December 8, 2015 / 6:54 PM / 3 years ago

Sarkozy's drive to the right backfires in French polls

PARIS (Reuters) - This was going to be the landslide win that set Nicolas Sarkozy on a fast-track to regaining the French presidency in 2017. Or at least that was his plan.

Nicolas Sarkozy, former French president and current head of the Les Republicains political party, and his wife Carla Bruni-Sarkozy pose for a selfie picture as they leave a polling station during the first round of regional elections in Paris, France, December 6, 2015. REUTERS/Eric Feferberg/Pool

Instead, Sarkozy’s conservative party came behind the far-right in the first round of regional elections on Sunday, and the ex-president finds himself under growing criticism from within his own camp.

“There is no official, legitimate leader that represents the whole party,” said Eric Woerth, who as a conservative minister was close to Sarkozy during his presidency.

From grassroots lawmakers to party heavyweights the message is: as soon as this Sunday’s second round run-off in the elections is over, the party must do some soul-searching.

“We need to have a debate on why we’ve become inaudible,” former conservative prime minister Alain Juppe told reporters.

Sixty-year-old Sarkozy, a divisive figure both loved and hated among right-wing voters, was president for five years before losing to Socialist Francois Hollande in 2012.

Once nicknamed the “hyper-president” for his energetic style, Sarkozy claims credit for helping France and the euro zone through the global financial crisis. He also dashed off to Tripoli to meet cheering Libyans in 2011 after a NATO bombing campaign, in which France played a leading role, had helped rebels to overthrew Muammar Gaddafi.

But Sarkozy disappointed some French by under-achieving on reforms to revive the economy, and he is also dogged by investigations into his campaign financing.

Now has come the regional election setback, when the far-right National Front (FN) secured 27.7 percent of the first round vote nationally, boosted by fears over the Islamic State militant attacks that killed 130 people in Paris on Nov. 13.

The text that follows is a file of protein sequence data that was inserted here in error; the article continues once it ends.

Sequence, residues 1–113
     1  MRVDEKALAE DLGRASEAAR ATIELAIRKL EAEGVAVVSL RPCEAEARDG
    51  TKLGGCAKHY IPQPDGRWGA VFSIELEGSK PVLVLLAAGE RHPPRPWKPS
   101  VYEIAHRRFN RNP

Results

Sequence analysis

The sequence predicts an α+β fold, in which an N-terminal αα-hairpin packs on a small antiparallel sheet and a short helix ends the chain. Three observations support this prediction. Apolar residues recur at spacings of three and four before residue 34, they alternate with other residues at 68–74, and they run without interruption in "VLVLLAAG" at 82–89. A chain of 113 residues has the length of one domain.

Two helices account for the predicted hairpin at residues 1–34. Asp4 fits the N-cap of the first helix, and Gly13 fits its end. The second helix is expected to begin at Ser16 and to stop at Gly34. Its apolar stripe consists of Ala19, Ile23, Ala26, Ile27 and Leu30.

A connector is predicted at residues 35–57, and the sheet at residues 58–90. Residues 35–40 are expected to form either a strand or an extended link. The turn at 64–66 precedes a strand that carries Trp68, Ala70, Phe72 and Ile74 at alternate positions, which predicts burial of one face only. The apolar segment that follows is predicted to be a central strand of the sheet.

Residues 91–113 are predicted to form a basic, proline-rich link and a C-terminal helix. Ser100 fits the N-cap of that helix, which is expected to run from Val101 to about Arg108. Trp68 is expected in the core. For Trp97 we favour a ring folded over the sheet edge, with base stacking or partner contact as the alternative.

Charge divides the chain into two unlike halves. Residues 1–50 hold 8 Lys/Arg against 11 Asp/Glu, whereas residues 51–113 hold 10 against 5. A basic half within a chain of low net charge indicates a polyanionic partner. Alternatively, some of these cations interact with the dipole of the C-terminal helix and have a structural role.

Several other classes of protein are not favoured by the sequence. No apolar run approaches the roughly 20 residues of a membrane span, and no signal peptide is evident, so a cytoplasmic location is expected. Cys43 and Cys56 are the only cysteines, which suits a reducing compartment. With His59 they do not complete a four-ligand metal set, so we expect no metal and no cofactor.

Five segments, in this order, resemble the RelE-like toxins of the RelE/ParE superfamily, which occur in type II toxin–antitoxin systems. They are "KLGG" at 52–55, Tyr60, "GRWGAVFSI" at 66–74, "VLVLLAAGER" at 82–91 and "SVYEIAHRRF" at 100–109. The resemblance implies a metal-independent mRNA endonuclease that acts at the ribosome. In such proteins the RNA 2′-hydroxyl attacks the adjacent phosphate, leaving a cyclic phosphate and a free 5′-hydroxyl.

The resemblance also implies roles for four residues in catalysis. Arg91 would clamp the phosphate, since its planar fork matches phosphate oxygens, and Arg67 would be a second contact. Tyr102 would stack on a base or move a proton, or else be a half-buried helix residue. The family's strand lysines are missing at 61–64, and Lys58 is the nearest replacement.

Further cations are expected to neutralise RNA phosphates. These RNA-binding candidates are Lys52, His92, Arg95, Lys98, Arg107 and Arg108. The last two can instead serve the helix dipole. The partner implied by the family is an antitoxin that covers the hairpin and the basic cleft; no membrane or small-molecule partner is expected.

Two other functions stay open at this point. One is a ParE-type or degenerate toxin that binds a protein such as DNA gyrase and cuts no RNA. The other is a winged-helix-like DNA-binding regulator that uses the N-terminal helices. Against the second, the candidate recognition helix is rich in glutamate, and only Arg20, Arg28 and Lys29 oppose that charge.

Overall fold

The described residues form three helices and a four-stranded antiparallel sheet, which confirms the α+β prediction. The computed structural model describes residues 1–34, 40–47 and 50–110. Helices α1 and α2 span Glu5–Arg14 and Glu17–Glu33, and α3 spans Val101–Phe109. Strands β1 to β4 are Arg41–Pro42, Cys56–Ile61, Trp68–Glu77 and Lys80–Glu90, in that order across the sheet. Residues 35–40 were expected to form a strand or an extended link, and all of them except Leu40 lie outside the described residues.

Sarkozy’s The Republicans and their allies took 26.65 percent.

“It’s a slap in the face,” political analyst Thomas Guenole said. “They’re getting the same score as in 2010, when they were in power and were punished for the impact of the global financial crisis. Now they are in the opposition but they’re not benefiting at all from voter anger with the ruling Socialists.”

Juppe, who is also vying for the conservative ticket for the 2017 presidential elections, and other party heavyweights, said they were closing ranks before Sunday’s runoff, but made clear a tough debate would follow immediately.

Asked if there was a problem with the party line, he told reporters: “Yes, of course.”


Juppe, who is set to be Sarkozy’s main rival in party primaries next year, supports a centrist line.

By contrast, Sarkozy has set the party of a right-wing course since coming out of political retirement a year ago. In doing so, he has tried to counter FN leader Marine Le Pen by engaging on the very themes that have boosted her popularity.

“The big showdown will be for Monday and it could well be bloody,” said a senior lawmaker, who declined to be named because Sarkozy has urged party officials to keep their views to themselves before the runoff.

Over the past few months, Sarkozy has promised “war” on Le Pen but has at the same time taken a hard line on immigration and Islam in an attempt to lure back voters from her.

Sarkozy has opposed school canteens providing an alternative meal when pork is on the menu, said he favored banning women from wearing a veil in universities, criticized the Socialist government’s decision to take in 24,000 refugees as part of an EU-wide plan and called for immigration to be curbed.

He defended that line in an interview with France 2 television this week. “We need to reinstate firmness and authority in this country,” he said. This was the right response to the “exasperation” that he said explained the strong FN showing in the first round, he added.

But Sylvain Crepon, a political analyst who specializes on the far-right, said this was precisely what explained why The Republicans had failed to benefit from the Socialists’ unpopularity.

“Running after the FN’s campaign themes, basically campaigning for the FN and then saying you are the barrier against the FN, how can that work?” he said.

The number of regions that the party wins in the run-off will be central to the party’s post-mortem. Party insiders say Sarkozy had hoped a few months ago to score landslide victories in about 10 of the 13 regions, and had been planning to use this success to overhaul the party more to his liking.

One of the biggest tests will be southeast France, where he backed the candidacy of Christian Estrosi, who in the first round came 14 percentage points behind 25-year-old Marion Marechal-Le Pen, the youngest family member of the FN political dynasty.

“We need to keep a cool head,” Sarkozy told a meeting of party lawmakers on Tuesday, according to participants in the closed-doors discussion. “Now is not the time to discuss The Republicans’ line. After Sunday, yes, we can have that debate.”

Additional reporting by Emile Picy; Writing by Ingrid Melander; editing by David Stamp

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